The authors found that many of the companies focused on their internal structures for five years before moving externally into their supply chains. The ability to integrate the upstream and downstream business activities into a cohesive whole requires quality-focused supply chains that build connections between intra and inter firm operations.  The development of quality was further enhanced by a global manager that was able to understand the system and make collaborative versus adversarial relationships among the supplier, manufacturer, and customer legs of the supply chain triangle.

Brown, J. et. al., (2000). Managing marketing channel opportunism: The efficacy of alternative governance mechanism. Journal of Marketing, 64 (2), 51–65.

Foster, S. (2008). Towards an understanding of supply chain quality management. Journal of Operations Management, 26 (4), 461–467.

Metz, S. (2012). Systems thinking. Science Teacher, 79 (7).

Soltani, E., et. al. (2011). Quality performance in a global supply chain: finding out the weak link. International Journal of Production Research, 49 (1).

Yeung, A.(2008). Strategic supply management, quality initiatives and organizational
performance. Journal of Operations Management, 26 (4), 490–502.

Wednesday, April 9, 2014

The Economic System as an Avenue of Needs Fulfillment

The economic system permeates our entire existence from cradle to grave. From our socialized beginning to our elder years we are constantly making choices that impact our social and financial positions in society. Our very first experiences in life help us internalize certain cultural traits that become the foundation for our viewpoints and our ability to compete on the market. Economic hubs and nations are collective traits of our economic values that maintain patterns across society. All systems start with very personal biological, sociological, and psychological choices we may not be fully aware of and make their way throughout society to determine the success or failure of a nation in the global market.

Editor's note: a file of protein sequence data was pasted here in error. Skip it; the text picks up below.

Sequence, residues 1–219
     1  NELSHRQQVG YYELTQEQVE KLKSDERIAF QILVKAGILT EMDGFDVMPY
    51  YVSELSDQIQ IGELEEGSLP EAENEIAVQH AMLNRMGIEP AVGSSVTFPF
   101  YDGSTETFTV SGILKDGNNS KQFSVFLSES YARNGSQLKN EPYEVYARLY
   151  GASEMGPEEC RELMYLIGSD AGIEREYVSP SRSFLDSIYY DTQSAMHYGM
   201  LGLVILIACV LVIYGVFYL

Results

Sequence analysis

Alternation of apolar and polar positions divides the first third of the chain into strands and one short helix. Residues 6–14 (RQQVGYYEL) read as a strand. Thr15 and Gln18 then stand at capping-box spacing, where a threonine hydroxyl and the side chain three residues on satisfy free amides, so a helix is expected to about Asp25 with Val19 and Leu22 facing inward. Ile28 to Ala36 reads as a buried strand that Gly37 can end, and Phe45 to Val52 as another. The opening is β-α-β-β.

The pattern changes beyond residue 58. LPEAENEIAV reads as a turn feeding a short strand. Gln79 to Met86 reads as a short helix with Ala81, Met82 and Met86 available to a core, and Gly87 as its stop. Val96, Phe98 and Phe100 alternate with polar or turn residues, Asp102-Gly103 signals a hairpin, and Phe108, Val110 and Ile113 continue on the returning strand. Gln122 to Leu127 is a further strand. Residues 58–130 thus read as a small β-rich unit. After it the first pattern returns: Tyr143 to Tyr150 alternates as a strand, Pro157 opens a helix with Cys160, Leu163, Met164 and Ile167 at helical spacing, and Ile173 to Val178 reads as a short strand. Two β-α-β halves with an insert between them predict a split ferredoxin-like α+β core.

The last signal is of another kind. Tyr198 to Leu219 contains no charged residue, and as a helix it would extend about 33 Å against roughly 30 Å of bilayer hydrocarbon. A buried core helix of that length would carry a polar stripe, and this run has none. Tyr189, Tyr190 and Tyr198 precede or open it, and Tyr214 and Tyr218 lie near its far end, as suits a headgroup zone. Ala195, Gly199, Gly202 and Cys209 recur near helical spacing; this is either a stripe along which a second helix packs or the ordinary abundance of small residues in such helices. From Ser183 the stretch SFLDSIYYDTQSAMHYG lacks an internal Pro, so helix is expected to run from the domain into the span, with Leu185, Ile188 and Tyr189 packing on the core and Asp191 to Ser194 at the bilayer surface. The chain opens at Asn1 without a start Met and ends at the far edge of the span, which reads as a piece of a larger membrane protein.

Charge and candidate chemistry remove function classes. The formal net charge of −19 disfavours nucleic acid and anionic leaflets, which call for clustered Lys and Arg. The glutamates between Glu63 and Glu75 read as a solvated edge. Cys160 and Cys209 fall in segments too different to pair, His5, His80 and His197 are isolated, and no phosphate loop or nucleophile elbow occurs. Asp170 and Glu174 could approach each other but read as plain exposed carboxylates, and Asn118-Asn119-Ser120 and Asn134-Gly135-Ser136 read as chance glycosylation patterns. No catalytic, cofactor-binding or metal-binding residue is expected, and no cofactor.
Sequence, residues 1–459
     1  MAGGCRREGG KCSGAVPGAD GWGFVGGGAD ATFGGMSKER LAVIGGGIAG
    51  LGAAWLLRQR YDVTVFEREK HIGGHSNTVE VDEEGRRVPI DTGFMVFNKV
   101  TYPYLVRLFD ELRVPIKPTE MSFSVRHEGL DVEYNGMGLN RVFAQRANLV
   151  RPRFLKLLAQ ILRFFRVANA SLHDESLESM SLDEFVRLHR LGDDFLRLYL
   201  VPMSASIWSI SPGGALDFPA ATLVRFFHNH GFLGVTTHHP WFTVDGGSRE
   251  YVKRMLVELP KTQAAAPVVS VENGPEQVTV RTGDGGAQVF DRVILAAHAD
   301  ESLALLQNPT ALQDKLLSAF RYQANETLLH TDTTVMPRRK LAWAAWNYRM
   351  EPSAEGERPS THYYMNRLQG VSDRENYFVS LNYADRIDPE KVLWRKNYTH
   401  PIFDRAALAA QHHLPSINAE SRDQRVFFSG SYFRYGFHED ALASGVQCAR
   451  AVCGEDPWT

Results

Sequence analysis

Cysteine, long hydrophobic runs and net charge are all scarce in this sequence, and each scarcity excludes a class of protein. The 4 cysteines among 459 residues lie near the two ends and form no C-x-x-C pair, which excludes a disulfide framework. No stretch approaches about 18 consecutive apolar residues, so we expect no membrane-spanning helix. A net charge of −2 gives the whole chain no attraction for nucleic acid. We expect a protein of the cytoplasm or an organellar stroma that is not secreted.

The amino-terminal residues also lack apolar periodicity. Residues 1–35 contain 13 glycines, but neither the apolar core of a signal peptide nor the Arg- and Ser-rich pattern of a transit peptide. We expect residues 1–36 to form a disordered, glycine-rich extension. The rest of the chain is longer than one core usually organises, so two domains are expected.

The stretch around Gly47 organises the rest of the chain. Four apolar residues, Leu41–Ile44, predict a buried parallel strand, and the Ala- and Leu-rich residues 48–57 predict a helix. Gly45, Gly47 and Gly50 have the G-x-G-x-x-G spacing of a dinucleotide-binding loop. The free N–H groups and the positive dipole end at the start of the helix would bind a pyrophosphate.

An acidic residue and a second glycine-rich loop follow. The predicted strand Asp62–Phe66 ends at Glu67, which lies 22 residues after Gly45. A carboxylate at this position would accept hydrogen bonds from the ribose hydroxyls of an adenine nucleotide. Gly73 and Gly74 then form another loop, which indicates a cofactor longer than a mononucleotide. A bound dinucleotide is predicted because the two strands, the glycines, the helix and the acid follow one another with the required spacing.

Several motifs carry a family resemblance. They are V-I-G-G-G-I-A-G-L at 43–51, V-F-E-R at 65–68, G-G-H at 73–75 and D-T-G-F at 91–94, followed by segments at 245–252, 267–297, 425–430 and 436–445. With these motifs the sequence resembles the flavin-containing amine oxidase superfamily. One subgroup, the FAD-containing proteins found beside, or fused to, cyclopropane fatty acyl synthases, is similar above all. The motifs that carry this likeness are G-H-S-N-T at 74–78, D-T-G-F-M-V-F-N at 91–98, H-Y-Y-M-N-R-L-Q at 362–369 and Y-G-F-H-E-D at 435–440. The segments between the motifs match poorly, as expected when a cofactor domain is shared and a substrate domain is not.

Our economic system starts in our biological, psychological, and sociological core. Neuroeconomics is a concept that tries to explain how we make subconscious choices to purchase products, trust one another, or engage in certain activities beyond the simple mathematical equations of present day economists. It is a deep process that connects to our biology but also takes into account our psychological and social needs.

Culture influences our viewpoint of the world and our ability to compete in it. As we internalize the values of our society and behavior we ultimately set upon an acceptable way of viewing the world and viewing ourselves within that world. This defines what behaviors are acceptable and what behaviors are not acceptable within society. Such behaviors become a vantage point of life and make their way in repeated form throughout our history.

On a conscious level we compare and contrast our limited resources to determine where we are most likely to compete. We use our limited experience and known skills to compare against the potential acceptance in our social networks to choose our occupational paths. Some will go to college and others will move into trade schools. Each offers opportunities to redefine ourselves and obtain needed skills to adequately fulfill these psychological, sociological, and biological needs.

If we were to add up all of the choices people make, and the culture vantage point  they use to make those choices, we will have the economic indicators for a state, city, or regional hub. Indicators will include the economic choices of education, occupation, expended effort, skill development, innovative ability, employment opportunities, social outlets, recreational pursuits, etc…(i.e. demographic trends) When certain economic similarities in choice, sociological behavior patterns, and psychological streams of conscious begin to define an area you have found the segmented borders of a hub and market.

Diversity of perspective that maintain shared goals can improve upon the abilities of participants within an economic hub. As all understanding is socially negotiated it is important to connect those with diverse opinions to each other to develop a more accurate understanding of the world, market, product, lifestyle, etc… When diversity, knowledge, and experience are used to enhance decision-making and find new and more accurate solutions to problems you have maximized human capital  development.  Maximization of human capital can be seen as the motivational  pressures and available pathways to achieving biological, sociological, and psychological fulfillment within a particular system.